Blue Carbon

Coastal wetlands—mangroves, seagrasses and tidal marshes—line vast stretches of the world’s coastlines. These valuable ecosystems draw in carbon as they grow, much of which is later transferred into the rich organic soils held by their roots. The carbon can remain in the soil for thousands of years, making it one of the longest-term natural solutions to climate change

Yet scientists calculate that about 50% of the world’s mangroves and seagrasses, and at least 25% of the world’s tidal marshes, have been lost. It is urgent and essential that we protect and restore our planet’s “blue carbon” systems for the security of our climate.

By protecting and restoring the world’s wetlands we can address climate change while also protecting healthy lands and waters, and improving communities and economies. Through scientific research, site-based demonstrations and policy reform, The Nature Conservancy is demonstrating the opportunity and value coastal wetlands can provide as a natural climate solution.

Leveraging our experience and partnerships, our blue carbon program has three main pillars:

  1. Build a scientific foundation for conservation, policy and investment to provide more evidence to bolster conservation and communicate the economic and social value of wetlands to policy-makers.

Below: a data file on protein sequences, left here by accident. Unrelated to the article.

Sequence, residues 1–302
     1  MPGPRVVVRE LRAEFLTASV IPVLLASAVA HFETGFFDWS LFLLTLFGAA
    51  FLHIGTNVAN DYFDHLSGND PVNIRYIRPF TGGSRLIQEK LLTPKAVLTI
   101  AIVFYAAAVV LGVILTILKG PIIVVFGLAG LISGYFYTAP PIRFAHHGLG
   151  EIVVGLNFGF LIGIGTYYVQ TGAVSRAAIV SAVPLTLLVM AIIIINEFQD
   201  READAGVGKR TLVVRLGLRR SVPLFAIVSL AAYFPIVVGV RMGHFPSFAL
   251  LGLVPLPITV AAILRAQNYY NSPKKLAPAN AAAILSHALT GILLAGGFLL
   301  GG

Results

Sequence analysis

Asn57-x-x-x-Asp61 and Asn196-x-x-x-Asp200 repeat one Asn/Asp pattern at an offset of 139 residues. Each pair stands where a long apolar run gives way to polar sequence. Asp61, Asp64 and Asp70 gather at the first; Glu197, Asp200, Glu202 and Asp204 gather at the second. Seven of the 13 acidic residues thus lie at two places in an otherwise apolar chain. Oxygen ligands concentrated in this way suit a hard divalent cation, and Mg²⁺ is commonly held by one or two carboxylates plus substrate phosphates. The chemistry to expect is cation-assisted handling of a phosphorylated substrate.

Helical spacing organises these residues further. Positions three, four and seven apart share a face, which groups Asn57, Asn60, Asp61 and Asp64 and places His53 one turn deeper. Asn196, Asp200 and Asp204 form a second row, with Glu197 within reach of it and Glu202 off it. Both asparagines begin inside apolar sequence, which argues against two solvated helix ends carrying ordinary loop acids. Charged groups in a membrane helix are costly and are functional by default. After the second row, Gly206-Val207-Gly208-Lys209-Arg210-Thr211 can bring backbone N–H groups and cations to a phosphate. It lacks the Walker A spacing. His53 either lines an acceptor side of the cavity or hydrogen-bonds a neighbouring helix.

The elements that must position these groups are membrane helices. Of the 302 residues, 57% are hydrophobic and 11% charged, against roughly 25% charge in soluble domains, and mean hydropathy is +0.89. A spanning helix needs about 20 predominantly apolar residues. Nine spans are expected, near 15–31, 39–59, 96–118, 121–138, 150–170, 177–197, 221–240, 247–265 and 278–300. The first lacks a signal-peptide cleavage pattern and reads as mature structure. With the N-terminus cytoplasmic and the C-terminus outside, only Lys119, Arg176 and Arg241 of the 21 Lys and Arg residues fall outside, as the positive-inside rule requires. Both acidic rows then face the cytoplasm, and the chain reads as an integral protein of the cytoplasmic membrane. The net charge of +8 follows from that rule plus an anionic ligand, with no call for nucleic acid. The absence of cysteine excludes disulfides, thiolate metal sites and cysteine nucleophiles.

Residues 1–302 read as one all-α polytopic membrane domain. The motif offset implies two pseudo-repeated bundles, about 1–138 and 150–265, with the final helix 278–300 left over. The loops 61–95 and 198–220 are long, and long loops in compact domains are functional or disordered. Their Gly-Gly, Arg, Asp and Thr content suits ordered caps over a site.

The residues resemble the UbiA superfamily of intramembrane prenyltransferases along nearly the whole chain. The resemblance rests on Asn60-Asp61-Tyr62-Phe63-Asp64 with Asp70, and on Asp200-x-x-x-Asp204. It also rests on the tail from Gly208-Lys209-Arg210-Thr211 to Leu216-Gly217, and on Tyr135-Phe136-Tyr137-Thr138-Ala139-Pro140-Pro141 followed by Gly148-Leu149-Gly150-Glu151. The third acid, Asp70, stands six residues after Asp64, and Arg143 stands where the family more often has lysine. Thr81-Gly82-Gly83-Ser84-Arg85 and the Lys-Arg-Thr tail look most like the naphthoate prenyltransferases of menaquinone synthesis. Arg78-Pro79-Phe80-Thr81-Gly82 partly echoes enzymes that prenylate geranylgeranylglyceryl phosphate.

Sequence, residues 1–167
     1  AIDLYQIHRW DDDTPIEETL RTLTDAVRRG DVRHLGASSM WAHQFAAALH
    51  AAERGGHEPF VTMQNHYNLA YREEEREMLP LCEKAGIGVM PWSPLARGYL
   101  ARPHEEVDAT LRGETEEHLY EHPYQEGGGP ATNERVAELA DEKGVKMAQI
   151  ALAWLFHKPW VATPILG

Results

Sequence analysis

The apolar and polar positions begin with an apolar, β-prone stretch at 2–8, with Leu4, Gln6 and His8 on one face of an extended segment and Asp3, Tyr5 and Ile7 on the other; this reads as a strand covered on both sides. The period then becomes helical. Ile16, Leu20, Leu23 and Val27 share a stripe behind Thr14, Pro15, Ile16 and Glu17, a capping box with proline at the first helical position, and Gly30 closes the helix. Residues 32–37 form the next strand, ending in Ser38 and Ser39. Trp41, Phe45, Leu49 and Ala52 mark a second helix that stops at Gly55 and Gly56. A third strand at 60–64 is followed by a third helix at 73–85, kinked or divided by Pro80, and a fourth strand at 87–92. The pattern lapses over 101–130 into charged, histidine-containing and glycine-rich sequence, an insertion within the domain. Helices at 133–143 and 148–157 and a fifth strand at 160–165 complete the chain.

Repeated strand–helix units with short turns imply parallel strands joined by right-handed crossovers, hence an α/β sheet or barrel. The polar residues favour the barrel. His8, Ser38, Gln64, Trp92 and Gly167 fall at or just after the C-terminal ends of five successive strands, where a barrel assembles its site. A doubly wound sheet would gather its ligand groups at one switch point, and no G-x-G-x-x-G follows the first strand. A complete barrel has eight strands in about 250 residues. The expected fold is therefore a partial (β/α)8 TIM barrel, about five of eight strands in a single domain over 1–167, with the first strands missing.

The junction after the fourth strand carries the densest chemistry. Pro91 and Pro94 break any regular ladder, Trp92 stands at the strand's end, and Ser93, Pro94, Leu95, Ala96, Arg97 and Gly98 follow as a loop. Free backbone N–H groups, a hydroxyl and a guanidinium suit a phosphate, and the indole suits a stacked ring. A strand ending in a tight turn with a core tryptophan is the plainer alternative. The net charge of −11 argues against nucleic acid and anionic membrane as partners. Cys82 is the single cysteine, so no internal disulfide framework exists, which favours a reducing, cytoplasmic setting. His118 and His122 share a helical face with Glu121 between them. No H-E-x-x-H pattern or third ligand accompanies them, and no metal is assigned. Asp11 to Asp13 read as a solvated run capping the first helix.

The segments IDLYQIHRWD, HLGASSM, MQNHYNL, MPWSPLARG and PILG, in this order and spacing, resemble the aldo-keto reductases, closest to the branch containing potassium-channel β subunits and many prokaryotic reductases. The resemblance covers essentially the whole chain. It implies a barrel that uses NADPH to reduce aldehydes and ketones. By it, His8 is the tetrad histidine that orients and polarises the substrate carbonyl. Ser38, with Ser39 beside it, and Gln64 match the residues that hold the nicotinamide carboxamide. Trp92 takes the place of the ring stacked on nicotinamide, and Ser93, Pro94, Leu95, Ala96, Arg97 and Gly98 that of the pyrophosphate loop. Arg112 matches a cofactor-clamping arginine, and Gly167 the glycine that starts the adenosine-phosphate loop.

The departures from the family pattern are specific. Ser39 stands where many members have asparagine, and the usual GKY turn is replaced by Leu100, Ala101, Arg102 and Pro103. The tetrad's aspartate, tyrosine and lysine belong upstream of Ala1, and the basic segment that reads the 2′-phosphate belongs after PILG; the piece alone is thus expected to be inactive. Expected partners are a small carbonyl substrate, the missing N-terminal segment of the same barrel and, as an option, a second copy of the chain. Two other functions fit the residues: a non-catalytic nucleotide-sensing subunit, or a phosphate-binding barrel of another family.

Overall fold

2. Implement replicable demonstration sites for wetlands conservation and restoration where there is opportunity and a high likelihood of success, along with the aim of scaling to additional countries or multi-country work as appropriate. 
  3. Leverage policy and financial mechanisms for action at a global scale by changing the way people think about and value wetlands. Coastal wetlands restoration and conservation are, and will be, important opportunities to mitigate carbon emissions through policy changes. Opportunities identified include:
  • A portfolio of work in both the government and the private sector arenas, drawing on our field projects and scientific and economic analyses, to inform national, regional and international frameworks and private sector funding opportunities and policies.
  • We will integrate best practices for reporting coastal wetlands climate mitigation potential and loss into international agreements, as well as implementing national commitments to preserve and enhance coastal wetlands systems for climate benefits.

Find out more

  • Read our paper that quantifies the above ground biomass of mangroves, highlighting the impressive amounts of carbon stored in the mangrove trees.
  • Read about innovative ways to fund blue carbon projects.  
  • Read about how coastal countries have an opportunity to take their blue carbon ecosystems into account when considering their national level climate actions.

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